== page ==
I came into this book with high hopes for a biography of an intriguing woman. I was given a Girls Series 1 & 2 boxset for Christmas this year and I remember quite liking it, although it occurs to me now that I never finished series 2, which is possibly telling of how much I really (dis)liked it.
My impression of Dunham after finishing this book is of an egotistical, entitled young woman who doesn’t believe that anything she does wrong could ever be her fault. I found the book very whiny in tone, and for huge chunks of the book, she was so up herself I’m surprised she could even reach her keyboard to continue writing.
I thought the book would be an honest account of growing up in New York with already famous parents and growing into a major player in American TV, all while not conforming to traditional hollywood ideals of beauty, but after finishing the book, it didn’t feel like half the things she wrote about were even true, some stories were so far-fetched that they must be made up, surely?
Before starting, I’d read a little about some of the ‘controversial’ stories in the book, but to be honest, if they did actually happen, it was just a case of a young girl being curious as young girls are. Nothing inappropriate here, move along please. The innapropriateness, I found, came from her being seemingly unable to take the blame for situations that got out of control.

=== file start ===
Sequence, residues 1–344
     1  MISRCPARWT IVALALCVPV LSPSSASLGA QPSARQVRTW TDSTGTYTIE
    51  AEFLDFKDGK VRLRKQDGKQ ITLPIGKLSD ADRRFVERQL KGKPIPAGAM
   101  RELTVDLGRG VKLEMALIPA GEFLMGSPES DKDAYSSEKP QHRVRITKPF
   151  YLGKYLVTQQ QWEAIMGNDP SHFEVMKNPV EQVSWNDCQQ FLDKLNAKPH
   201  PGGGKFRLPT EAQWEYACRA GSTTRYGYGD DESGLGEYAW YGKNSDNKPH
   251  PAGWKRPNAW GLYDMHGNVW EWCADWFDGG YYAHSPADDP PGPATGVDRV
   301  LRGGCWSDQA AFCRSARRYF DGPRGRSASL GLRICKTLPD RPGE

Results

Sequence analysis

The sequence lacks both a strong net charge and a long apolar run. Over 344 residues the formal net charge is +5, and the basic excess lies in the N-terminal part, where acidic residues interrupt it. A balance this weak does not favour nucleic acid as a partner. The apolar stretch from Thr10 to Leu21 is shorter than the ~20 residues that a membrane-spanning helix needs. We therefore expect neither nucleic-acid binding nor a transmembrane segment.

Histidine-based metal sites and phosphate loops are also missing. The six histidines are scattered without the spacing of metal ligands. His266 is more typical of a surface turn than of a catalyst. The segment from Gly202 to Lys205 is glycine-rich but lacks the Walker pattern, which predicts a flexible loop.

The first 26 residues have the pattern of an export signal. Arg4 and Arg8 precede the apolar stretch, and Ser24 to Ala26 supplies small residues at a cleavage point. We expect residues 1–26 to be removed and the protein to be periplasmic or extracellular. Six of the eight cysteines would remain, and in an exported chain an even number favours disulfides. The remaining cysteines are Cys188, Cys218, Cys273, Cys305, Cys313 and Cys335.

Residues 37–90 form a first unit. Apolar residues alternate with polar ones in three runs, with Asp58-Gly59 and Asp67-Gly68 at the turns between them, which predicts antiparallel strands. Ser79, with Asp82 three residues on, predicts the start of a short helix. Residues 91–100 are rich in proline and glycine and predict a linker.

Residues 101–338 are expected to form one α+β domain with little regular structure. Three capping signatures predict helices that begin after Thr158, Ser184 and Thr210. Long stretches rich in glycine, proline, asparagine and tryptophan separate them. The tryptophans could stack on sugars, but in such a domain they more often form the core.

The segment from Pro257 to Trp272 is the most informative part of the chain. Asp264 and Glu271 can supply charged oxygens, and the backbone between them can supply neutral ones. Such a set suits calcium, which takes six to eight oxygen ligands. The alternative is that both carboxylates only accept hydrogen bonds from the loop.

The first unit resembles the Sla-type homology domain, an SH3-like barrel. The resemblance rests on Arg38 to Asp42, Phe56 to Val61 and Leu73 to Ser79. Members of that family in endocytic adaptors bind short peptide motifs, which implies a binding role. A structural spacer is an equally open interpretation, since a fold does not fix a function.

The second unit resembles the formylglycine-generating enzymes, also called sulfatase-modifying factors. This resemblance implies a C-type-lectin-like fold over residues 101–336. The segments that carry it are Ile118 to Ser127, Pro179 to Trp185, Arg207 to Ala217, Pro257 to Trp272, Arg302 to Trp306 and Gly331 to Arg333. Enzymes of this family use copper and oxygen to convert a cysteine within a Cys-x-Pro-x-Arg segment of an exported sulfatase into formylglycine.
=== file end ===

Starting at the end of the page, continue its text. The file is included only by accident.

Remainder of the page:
Every sexual/romantic encounter that she wasn’t happy with took on a tone of assault/accusation towards the man involved. And obviously, if that’s what happened, then it was terrible, but I got the feeling that a lot of facts were glossed over to try and portray Dunham in the best light.
I don’t remember a single point while reading this book where it didn’t feel like Dunham was shouting ‘Look at me, look at how edgy and cool I am’. I just couldn’t take it anymore, and from 70 pages into the book, I was just desperate to get to the end so I could move on and put this book far behind me. I hate to give up on a book halfway through because some do manage to redeem themselves by the end, but I truly had to slog to get to the final page of this one.
I admit, I’m probably not the target audience for this book, so maybe that was to blame. Yes, I am a 20-something woman, but I think I have the brain of a 60-something, more happy sitting in and reading with a cup of tea than going out, drinking and taking drugs to have a good time. So I imagine that while many people would love this book, I’m just not one of them.
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